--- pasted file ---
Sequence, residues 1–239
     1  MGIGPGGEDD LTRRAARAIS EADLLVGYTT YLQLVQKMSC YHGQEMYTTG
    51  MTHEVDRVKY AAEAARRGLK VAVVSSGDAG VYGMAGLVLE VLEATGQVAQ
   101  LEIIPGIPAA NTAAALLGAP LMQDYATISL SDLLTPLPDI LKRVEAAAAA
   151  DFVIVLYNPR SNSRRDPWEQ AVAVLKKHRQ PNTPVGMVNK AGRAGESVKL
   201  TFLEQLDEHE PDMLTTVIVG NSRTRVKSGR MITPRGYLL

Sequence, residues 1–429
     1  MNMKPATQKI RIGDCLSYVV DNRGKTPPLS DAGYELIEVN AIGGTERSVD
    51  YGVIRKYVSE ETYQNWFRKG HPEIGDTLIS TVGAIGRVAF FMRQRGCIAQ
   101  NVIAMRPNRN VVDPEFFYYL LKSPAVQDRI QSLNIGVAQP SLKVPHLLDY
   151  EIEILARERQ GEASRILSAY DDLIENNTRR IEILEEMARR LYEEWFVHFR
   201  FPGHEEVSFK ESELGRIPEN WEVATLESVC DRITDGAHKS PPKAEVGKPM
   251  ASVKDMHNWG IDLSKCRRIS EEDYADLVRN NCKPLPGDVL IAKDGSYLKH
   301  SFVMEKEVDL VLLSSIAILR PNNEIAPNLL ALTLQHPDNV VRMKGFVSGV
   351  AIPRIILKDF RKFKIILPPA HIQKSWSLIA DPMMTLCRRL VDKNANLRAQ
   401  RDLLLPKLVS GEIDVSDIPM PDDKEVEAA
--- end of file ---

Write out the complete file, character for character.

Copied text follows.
Sequence, residues 1–239
     1  MGIGPGGEDD LTRRAARAIS EADLLVGYTT YLQLVQKMSC YHGQEMYTTG
    51  MTHEVDRVKY AAEAARRGLK VAVVSSGDAG VYGMAGLVLE VLEATGQVAQ
   101  LEIIPGIPAA NTAAALLGAP LMQDYATISL SDLLTPLPDI LKRVEAAAAA
   151  DFVIVLYNPR SNSRRDPWEQ AVAVLKKHRQ PNTPVGMVNK AGRAGESVKL
   201  TFLEQLDEHE PDMLTTVIVG NSRTRVKSGR MITPRGYLL

Sequence, residues 1–429
     1  MNMKPATQKI RIGDCLSYVV DNRGKTPPLS DAGYELIEVN AIGGTERSVD
    51  YGVIRKYVSE ETYQNWFRKG HPEIGDTLIS TVGAIGRVAF FMRQRGCIAQ
   101  NVIAMRPNRN VVDPEFFYYL LKSPAVQDRI QSLNIGVAQP SLKVPHLLDY
   151  EIEILARERQ GEASRILSAY DDLIENNTRR IEILEEMARR LYEEWFVHFR
   201  FPGHEEVSFK ESELGRIPEN WEVATLESVC DRITDGAHKS PPKAEVGKPM
   251  ASVKDMHNWG IDLSKCRRIS EEDYADLVRN NCKPLPGDVL IAKDGSYLKH
   301  SFVMEKEVDL VLLSSIAILR PNNEIAPNLL ALTLQHPDNV VRMKGFVSGV
   351  AIPRIILKDF RKFKIILPPA HIQKSWSLIA DPMMTLCRRL VDKNANLRAQ
   401  RDLLLPKLVS GEIDVSDIPM PDDKEVEAA